1. How awful for you. (And the chickens.)

    My mother’s Cavalier was staying with us last year and he killed two of my chickens. It was horrible. My gerls are now in a fortified chook run that they stay in all day whenever he comes to stay.

    • @Frogdancer: I hate it when you do someone a favour and something like that happens! They feel bad, you feel bad – it’s just crappy. Oh, and thanks for including your blog link – I just checked it out and added it to my RSS reader. Your sons’ experience with America was almost exactly the same as mine, although I went 20 years ago :-).

  2. Hey Darren.
    When the fox hit our chickens I felt like I had been burgled. Not a nice feeling. We are pretty lax about not locking the chooks into the house these days, but the yard is reasonably fortified and our soil contains heaps of clay (thus it is hard for a fox to dig through. However it is worth noting a few of our security points:

    • The chook house when locked up, is pretty much predator proof. Perhaps a python could get in, but it would really have to be trying.

    • Around the chook house I dug into the deco and buried chain-link fence about 30 cm. I would have gone deeper, but into was into deco and there is no way a fox could dig through that stuff (its hard enough with a mattock).

    • Along the part of the chicken run which is outside of the main house area, I have put chicken wire over top of the dog wire and left the top of it unattached (thus it would flop over if something tried to climb it).

    • I allow grasses to grow quite tall around the fence area as their roots help secure the soil.

    • Finally our neighbours dog patrols their yard which the chook run is next to.

    Given the way that the fox got into your yard, I would recommend the burying chain-link fence around the chook enclosure as a minimum. Roofing iron can work as well, but chain-link should last longer under the ground. I have got all of mine from the local transfer station.

    • @Jason: Yep, that’s the feeling. We also lost a couple of chicks to a hawk last week. I don’t know what to do about that without just leaving them all locked up all the time, but that’s not a great option. I’m thinking there might be a dog in our future :-).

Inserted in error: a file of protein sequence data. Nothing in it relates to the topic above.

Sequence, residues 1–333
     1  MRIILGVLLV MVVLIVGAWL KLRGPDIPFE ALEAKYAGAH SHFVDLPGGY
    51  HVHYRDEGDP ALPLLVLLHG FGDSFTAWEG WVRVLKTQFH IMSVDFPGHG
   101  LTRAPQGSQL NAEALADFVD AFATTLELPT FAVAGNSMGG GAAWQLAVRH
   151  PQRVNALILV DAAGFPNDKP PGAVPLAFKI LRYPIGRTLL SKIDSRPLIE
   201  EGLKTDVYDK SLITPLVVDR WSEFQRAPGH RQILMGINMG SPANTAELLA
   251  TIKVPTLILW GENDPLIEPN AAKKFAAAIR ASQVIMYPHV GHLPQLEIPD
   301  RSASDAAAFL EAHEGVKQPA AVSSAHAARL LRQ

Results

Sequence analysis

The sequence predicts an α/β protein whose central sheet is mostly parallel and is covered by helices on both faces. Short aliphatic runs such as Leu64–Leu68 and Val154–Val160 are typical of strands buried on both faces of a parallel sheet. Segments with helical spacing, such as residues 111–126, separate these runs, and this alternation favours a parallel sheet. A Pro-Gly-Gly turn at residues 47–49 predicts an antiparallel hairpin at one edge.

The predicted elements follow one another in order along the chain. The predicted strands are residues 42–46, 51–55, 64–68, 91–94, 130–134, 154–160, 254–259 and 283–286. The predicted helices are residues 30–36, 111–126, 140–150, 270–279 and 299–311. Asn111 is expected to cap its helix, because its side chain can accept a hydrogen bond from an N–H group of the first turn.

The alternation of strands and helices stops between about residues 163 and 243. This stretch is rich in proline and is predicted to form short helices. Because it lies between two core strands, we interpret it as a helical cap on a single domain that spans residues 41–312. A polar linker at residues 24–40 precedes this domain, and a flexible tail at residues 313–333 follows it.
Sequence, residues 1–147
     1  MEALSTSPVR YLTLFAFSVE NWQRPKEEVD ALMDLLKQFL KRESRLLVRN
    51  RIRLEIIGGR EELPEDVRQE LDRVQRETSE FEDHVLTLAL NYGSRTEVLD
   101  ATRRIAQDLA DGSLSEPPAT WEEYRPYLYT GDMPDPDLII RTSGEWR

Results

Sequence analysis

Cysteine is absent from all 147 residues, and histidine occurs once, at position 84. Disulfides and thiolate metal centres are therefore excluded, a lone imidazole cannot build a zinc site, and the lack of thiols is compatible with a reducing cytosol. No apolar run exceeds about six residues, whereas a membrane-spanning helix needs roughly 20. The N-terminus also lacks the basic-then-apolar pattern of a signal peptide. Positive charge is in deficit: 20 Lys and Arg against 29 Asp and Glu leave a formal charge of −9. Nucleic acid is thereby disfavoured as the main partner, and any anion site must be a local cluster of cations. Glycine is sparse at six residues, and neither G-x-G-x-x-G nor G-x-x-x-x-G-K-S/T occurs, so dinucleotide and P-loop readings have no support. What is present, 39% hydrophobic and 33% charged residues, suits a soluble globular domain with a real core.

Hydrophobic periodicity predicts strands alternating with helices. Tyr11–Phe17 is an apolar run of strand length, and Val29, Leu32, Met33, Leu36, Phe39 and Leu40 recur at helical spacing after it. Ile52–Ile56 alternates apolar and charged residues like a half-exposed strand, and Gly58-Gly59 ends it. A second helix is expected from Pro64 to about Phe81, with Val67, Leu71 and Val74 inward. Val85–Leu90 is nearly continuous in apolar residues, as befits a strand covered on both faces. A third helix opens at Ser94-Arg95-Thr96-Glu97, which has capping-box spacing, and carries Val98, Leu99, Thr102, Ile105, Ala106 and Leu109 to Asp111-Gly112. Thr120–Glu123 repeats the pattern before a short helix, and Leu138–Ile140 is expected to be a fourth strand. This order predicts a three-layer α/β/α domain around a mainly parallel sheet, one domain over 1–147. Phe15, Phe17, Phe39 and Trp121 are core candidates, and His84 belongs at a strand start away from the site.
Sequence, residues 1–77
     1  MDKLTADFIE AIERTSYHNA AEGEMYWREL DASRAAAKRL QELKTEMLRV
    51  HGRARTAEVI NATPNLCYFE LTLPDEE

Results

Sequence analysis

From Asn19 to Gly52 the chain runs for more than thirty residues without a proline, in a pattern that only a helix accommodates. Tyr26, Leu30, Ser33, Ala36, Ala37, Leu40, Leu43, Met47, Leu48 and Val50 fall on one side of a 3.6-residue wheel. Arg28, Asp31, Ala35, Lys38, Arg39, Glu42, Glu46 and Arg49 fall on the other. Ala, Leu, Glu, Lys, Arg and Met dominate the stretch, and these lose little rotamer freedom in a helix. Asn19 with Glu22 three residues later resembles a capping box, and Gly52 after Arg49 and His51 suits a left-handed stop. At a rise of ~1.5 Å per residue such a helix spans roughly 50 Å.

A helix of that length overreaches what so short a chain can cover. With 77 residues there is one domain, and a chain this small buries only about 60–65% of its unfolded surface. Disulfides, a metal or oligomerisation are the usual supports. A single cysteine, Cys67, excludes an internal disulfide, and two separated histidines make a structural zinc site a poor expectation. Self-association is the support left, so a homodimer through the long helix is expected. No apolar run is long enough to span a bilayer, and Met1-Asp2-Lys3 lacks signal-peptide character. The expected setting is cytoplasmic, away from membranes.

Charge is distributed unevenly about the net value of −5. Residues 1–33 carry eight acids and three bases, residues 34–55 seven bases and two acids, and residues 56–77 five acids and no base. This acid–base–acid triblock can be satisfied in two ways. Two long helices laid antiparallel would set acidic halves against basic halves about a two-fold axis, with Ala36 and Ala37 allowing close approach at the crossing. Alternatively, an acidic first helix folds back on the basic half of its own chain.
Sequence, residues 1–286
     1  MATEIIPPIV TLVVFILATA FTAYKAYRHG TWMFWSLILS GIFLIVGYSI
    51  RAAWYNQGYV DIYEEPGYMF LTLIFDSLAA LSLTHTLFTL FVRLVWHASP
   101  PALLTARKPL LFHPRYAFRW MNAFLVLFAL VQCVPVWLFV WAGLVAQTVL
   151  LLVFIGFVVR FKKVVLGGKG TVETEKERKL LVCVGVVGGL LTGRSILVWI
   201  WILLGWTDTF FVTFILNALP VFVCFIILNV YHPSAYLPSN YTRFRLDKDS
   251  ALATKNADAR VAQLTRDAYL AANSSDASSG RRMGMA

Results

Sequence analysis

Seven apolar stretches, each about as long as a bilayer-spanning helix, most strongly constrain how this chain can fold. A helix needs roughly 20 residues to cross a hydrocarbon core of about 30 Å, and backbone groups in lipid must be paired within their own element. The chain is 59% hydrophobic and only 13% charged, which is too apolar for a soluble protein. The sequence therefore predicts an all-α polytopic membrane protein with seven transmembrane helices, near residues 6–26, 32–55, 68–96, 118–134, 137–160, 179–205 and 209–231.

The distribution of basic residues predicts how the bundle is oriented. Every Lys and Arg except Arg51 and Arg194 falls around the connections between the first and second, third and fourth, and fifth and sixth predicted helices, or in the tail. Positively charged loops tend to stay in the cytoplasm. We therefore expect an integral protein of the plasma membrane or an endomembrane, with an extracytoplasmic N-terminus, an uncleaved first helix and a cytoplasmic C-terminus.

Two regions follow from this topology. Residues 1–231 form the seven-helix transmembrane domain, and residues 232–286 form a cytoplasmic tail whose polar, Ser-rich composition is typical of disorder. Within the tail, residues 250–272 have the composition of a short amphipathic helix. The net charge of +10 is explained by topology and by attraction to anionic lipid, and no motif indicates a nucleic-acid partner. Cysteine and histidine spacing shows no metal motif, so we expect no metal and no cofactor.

I have some chain-link fence leftovers, so great idea there. It’s a lot stronger than chicken wire and should last a long time. I’ll also check out the garbage tip recycling shop for more, as I want to build a few new pens for isolating chickens for breeding. I’ve planted raspberries (yours, in fact!) along one side of the chicken run, hoping the prickles will keep curious animals away. I’m waiting for them to grow so I can propagate them for the rest of the fence. Good idea about grasses too. Thanks!

  3. I so feel for you. When we moved here it was an overworked cattle property with very little wildlife, and protecting and nurturing the wildlife populations back to health was one of my goals.

    After nearly 30 years, we have succeeded a bit too well. Last year after a python got my last chook, for the first time in my adult life I gave up on trying to keep chooks safe from predators while I rethought the system. I can’t bear keeping chooks in a bare, fortified run. While goannas and wedge-tailed eagles can get them in the daytime, they are most vulnerable to our main predators – foxes, wild dogs, pythons, powerful owls, quolls – at night.

    This is the new system. It works by using the permaculture principle to look for all the yields or characteristics of a species – chooks can fly, higher in a single bound than foxes can leap or snakes can rear. I have fairly canny, flighty bantam chooks, and rotate them around my netted garden beds, so they always have greens and new ground to pick over for insects etc (and they fertilize and clear at the same time.) They have a roost that they can fly up to but a fox or snake can’t climb. It’s worked so far. Fingers crossed.